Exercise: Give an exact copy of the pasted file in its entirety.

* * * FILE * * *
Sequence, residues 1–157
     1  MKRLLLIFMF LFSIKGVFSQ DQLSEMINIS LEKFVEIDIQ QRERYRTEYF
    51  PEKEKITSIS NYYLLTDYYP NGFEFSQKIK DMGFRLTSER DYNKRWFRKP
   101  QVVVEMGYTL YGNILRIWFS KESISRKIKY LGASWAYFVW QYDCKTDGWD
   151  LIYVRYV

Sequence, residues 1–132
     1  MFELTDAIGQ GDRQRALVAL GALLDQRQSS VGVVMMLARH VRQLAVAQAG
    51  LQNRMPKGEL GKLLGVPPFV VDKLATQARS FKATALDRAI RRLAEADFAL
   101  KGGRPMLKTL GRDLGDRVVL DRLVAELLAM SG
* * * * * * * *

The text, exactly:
Sequence, residues 1–157
     1  MKRLLLIFMF LFSIKGVFSQ DQLSEMINIS LEKFVEIDIQ QRERYRTEYF
    51  PEKEKITSIS NYYLLTDYYP NGFEFSQKIK DMGFRLTSER DYNKRWFRKP
   101  QVVVEMGYTL YGNILRIWFS KESISRKIKY LGASWAYFVW QYDCKTDGWD
   151  LIYVRYV

Sequence, residues 1–132
     1  MFELTDAIGQ GDRQRALVAL GALLDQRQSS VGVVMMLARH VRQLAVAQAG
    51  LQNRMPKGEL GKLLGVPPFV VDKLATQARS FKATALDRAI RRLAEADFAL
   101  KGGRPMLKTL GRDLGDRVVL DRLVAELLAM SG